The same is true for other unit conversion, including distance (mile-to-kilometer conversion).

[bctt tweet=”#Google: An all-in-1 solution for online search, unit conversion, calculations and more.” username=”cdlancer”]

From the previous search, you can change units to be converted. Just click the “volume” dropdown list to see other units available (see picture below).



Go on now, and try it for yourself. Have fun converting among units and see how easy it is.

Google Search Operators

Search operators are special ways of inputting search terms so as to return targeted results. These are similar to filters you can set to tell Google Search the type of results you need.

Here are some of the most popular search operators, with corresponding examples.

Search Operator Description Example
* Placeholder for any unknown, missing or wildcat terms as * as
Excludes a site or a category from your search results jaguar -car


.. Defines a range to search within. May also be used to indicate the upper/lower threshold of a range Cars $1000..$2000

Laptops ..€1000

“” Return results from pages with the exact search word/phrase appearing in the same order “content marketing tactics”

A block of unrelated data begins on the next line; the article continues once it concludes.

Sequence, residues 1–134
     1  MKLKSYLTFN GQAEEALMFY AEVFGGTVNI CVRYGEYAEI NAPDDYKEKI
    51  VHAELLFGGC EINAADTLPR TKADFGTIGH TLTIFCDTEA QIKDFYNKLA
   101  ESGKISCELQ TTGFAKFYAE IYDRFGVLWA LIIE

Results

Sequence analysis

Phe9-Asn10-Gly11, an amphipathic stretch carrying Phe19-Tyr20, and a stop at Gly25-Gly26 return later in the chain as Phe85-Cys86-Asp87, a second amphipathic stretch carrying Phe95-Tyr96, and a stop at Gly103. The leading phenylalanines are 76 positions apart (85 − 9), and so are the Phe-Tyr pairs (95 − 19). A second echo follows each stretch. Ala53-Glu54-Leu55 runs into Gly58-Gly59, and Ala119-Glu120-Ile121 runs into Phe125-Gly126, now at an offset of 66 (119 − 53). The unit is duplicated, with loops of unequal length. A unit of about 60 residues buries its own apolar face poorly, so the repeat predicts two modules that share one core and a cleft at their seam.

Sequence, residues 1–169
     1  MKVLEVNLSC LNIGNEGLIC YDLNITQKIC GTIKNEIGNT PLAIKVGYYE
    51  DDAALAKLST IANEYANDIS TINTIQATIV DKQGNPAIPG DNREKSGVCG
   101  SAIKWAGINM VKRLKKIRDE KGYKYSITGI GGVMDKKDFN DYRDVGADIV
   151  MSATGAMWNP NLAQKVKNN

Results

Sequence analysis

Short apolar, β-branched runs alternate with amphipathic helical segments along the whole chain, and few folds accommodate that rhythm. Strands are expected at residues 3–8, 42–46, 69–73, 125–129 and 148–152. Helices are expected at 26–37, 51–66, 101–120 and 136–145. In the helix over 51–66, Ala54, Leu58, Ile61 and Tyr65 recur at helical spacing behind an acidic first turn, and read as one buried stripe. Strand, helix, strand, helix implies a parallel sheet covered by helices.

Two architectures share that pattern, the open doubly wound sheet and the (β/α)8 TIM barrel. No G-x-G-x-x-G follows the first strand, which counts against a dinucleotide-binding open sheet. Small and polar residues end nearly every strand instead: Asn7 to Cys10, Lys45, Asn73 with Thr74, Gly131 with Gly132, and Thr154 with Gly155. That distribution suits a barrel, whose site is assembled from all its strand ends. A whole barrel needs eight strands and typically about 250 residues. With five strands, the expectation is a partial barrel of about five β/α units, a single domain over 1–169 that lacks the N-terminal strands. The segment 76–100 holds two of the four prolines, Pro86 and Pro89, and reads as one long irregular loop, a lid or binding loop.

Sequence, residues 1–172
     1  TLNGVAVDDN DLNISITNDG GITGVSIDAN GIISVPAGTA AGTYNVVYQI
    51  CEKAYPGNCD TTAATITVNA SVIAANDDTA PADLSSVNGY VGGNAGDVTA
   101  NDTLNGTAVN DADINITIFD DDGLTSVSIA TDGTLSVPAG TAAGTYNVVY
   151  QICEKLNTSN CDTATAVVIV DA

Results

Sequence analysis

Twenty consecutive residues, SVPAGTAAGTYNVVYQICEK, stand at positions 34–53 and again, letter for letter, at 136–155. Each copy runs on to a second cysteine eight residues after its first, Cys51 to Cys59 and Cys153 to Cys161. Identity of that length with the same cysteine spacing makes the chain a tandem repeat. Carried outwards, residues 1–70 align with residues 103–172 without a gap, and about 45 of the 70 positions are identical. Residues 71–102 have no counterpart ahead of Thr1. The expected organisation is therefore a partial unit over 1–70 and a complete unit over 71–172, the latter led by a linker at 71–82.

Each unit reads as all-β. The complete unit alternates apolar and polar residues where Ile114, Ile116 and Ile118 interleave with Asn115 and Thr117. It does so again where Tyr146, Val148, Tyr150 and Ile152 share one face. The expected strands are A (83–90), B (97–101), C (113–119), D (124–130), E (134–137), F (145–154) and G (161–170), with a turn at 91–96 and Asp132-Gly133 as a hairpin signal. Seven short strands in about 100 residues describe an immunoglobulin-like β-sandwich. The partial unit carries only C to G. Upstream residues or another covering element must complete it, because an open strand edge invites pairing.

site: Return results from a specific website or domain tech specs
related: Find websites similar to the one specified in the search query
OR Find sites containing one of the search terms entered. Note that OR is written in caps. cars OR motorbikes
AND Find sites containing both search terms entered. Note that AND is written in caps. cables AND instructions
info: Provides information about a given website, including the cached version, related sites and backlinks.
cache: Access a cached version of a website (i.e. how it looked like the last time Google crawled it). This operator is helpful to access a site that is unavailable for maintenance purpose.
define: Provides a definition of the search term. define:o-ring
filetype: Return results containing only the specified file format. filetype:pdf free course
allintitle: Restrict results to websites containing search terms in their page titles. allintitle: resources for translators
allintext: Restrict results to websites containing search terms in their body copy. allintext:advanced marketing tips

Besides, keep in mind the following:

  • When typing your search query terms, capitalization doesn’t matter (i.e. New York MLS and new York mls will return the same results).
  • Target specific key terms for better search results (search for used car parts instead of typing old components from cars with 2 or more owners).
  • Consider the Voice search option, especially when using a mobile device (you may need to fine tune your device’s voice recognition settings).
  • For exact results, place your search terms in quotation marks (“”).